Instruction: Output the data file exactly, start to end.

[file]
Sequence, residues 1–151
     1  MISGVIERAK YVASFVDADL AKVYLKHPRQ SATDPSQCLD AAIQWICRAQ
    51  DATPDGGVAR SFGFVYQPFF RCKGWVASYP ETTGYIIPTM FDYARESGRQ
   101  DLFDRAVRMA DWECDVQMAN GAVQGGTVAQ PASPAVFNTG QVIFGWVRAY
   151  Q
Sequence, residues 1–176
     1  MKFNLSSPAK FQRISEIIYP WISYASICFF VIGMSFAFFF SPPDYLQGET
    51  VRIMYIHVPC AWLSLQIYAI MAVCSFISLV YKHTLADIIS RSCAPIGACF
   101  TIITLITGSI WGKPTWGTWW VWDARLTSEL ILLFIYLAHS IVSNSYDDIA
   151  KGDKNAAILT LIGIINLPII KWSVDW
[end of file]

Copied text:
Sequence, residues 1–151
     1  MISGVIERAK YVASFVDADL AKVYLKHPRQ SATDPSQCLD AAIQWICRAQ
    51  DATPDGGVAR SFGFVYQPFF RCKGWVASYP ETTGYIIPTM FDYARESGRQ
   101  DLFDRAVRMA DWECDVQMAN GAVQGGTVAQ PASPAVFNTG QVIFGWVRAY
   151  Q
Sequence, residues 1–176
     1  MKFNLSSPAK FQRISEIIYP WISYASICFF VIGMSFAFFF SPPDYLQGET
    51  VRIMYIHVPC AWLSLQIYAI MAVCSFISLV YKHTLADIIS RSCAPIGACF
   101  TIITLITGSI WGKPTWGTWW VWDARLTSEL ILLFIYLAHS IVSNSYDDIA
   151  KGDKNAAILT LIGIINLPII KWSVDW